Trump's $300 unemployment boost is expiring in some states. What happens now?

Without the federal supplement, the average state unemployment benefit will return to about $330 per week

A program from President Trump to boost unemployment benefits for the millions of Americans who lost their jobs during the coronavirus pandemic is beginning to expire in some states.

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Texas, Utah, Iowa, Arizona, Montana, Tennessee, Louisiana, Oklahoma and Missouri are among the states that have announced the end of the $300-a-week supplement, established under an executive measure signed by Trump at the beginning of August.

Under the Aug. 8 edict, the federal government gave unemployed workers an extra $300 in weekly payments. Trump allocated $44 billion to cover the sweetened aid, using money from the Disaster Relief Fund, which is managed by the Federal Emergency Management Agency. It partially restored the $600-a-week benefit that expired at the end of July.

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Without the federal supplement, the average state unemployment benefit will return to about $330 per week.

The Trump administration is reportedly weighing another series of executive actions amid a congressional impasse over a coronavirus relief package. Officials have discussed efforts to unilaterally bolster federal unemployment benefits, according to The Washington Post, citing two people aware of the matter who spoke on the condition of anonymity.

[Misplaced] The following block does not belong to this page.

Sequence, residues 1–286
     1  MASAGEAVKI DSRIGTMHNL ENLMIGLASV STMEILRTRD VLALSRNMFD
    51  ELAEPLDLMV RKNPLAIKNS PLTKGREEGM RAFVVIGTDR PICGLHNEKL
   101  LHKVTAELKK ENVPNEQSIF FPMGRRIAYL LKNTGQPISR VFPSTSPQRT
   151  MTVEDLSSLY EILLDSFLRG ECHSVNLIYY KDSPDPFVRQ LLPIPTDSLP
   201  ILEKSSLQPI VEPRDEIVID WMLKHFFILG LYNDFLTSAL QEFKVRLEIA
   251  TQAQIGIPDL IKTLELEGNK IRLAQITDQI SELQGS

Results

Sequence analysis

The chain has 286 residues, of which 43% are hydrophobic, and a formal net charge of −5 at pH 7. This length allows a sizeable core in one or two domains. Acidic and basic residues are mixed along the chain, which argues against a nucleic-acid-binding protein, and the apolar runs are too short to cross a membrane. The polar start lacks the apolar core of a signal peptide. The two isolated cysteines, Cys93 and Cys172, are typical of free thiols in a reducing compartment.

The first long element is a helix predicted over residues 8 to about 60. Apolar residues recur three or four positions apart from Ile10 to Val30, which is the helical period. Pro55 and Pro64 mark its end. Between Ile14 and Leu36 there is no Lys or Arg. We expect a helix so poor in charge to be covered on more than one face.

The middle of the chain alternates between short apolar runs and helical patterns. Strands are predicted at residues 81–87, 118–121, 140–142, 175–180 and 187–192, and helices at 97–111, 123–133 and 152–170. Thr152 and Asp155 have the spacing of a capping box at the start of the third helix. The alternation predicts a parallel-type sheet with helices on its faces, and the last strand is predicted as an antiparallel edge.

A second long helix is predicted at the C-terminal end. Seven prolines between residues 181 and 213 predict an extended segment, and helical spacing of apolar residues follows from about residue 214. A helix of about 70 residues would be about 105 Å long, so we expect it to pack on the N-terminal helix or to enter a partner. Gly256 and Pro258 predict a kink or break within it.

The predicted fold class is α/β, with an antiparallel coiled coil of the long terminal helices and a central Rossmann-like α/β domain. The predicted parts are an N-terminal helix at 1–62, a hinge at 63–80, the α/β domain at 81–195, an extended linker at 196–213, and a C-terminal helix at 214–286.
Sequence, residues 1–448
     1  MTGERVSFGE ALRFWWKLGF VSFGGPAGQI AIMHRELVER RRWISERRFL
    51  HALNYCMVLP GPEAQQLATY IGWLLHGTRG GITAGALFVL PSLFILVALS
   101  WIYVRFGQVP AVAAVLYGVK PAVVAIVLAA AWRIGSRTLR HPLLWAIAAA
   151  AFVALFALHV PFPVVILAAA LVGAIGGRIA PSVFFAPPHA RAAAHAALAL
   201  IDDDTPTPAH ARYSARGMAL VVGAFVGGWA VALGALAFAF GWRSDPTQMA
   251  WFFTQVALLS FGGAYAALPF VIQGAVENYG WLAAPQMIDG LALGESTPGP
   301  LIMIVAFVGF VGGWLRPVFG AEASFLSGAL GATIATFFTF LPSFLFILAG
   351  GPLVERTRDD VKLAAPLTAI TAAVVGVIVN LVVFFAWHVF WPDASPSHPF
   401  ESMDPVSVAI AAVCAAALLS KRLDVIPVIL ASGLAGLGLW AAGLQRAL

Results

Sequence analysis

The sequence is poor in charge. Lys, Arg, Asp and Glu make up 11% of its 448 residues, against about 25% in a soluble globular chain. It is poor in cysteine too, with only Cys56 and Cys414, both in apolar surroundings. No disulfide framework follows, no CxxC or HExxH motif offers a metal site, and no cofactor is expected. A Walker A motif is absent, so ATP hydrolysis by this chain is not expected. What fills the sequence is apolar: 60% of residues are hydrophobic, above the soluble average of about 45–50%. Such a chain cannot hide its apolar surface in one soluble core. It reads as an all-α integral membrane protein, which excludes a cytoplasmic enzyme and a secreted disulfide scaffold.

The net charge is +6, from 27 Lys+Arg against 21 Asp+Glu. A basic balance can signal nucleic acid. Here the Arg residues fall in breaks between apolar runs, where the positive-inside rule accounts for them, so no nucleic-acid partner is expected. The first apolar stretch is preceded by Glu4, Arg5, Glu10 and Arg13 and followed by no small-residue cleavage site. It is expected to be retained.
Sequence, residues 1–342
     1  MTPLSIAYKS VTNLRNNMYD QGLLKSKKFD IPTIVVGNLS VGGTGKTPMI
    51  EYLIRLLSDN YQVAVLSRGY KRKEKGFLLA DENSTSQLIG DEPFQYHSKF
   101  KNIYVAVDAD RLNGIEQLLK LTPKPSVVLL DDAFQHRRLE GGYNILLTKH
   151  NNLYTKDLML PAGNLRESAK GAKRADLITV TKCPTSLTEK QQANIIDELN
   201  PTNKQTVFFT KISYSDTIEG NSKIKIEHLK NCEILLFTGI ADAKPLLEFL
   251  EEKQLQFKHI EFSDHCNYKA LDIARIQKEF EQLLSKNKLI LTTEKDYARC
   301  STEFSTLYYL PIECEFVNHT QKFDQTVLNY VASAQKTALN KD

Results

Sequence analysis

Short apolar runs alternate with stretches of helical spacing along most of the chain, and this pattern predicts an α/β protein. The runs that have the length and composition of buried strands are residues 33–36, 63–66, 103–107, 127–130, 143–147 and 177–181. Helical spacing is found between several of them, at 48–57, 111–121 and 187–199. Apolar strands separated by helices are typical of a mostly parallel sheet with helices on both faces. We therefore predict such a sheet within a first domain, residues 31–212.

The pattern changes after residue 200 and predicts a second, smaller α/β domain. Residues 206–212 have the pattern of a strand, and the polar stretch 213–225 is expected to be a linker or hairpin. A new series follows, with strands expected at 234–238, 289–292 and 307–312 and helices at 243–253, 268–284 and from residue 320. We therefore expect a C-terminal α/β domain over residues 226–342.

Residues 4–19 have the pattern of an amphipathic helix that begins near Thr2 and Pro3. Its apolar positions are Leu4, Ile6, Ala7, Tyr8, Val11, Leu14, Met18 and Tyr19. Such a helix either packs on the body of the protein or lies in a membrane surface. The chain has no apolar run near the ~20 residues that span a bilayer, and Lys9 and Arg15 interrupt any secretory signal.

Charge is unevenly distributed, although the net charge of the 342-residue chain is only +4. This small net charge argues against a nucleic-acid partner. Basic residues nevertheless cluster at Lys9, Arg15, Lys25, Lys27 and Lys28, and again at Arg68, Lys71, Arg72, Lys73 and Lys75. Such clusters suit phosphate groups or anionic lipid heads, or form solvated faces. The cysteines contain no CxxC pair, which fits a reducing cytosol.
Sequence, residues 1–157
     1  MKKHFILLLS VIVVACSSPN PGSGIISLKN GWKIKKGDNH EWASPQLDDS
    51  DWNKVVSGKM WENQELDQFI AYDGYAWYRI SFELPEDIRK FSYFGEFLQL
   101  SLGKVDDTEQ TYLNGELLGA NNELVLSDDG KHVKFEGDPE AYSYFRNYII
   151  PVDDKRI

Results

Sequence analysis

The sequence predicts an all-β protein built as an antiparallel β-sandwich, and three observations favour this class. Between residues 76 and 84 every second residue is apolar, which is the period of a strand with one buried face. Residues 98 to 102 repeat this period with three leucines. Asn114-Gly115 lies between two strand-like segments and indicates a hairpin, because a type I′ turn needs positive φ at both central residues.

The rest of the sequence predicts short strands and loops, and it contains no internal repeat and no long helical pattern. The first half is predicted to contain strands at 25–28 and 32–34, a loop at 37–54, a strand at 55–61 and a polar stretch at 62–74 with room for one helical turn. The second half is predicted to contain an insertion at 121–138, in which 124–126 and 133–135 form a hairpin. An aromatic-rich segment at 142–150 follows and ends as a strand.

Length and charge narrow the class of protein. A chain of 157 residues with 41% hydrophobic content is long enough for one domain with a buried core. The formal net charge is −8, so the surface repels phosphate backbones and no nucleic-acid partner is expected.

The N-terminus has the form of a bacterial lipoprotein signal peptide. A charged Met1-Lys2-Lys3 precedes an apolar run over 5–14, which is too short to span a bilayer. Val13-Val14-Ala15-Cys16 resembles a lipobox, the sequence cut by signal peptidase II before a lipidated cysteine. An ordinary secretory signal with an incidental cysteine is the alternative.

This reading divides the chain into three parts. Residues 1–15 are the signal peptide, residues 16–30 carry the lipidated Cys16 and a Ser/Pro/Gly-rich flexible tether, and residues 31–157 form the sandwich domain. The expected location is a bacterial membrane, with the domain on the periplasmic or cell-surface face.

"We’re looking at all possible avenues to continue giving relief to Americans from an executive standpoint, in lieu of Democrats agreeing to a legislative deal," Ben Williamson, a senior adviser for White House chief of staff Mark Meadows, told the Washington Examiner.

Although Republicans and Democrats broadly support extending sweetened unemployment benefits (though they disagree on the amount), a deadlock over the next aid package has continued to persist more than one month after negotiations first collapsed, imperiling the chances of a stimulus deal before the November election.

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Under Trump's order, states will issue up to six weeks of payments to eligible workers, a spokeswoman for the Federal Emergency Management Agency said. That means the maximum benefit workers could receive is $1,800 over the course of those six weeks.

Forty-nine states, plus Washington, D.C, Guam and the Virgin Islands, signed up to pay out the federal portion of the aid. South Dakota chose to not apply for the money.

Montana, West Virginia, Kentucky and Kansas were the only states that have committed to kicking in an additional $100 to laid-off workers on top of the $300 supplement, meaning workers in those states will receive up to $2,400 over the six weeks.

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Only people who are receiving at least $100 in unemployment assistance through regular state programs or other aid initiatives like a shared-work program are eligible for the boosted benefits, according to a White House memo.

Government data released at the beginning of September shows the labor market is far from pre-crisis levels: Employers added 1.4 million jobs in August and the unemployment rate fell to 8.4%, but there are still 11.5 million more out-of-work Americans than there were in February.

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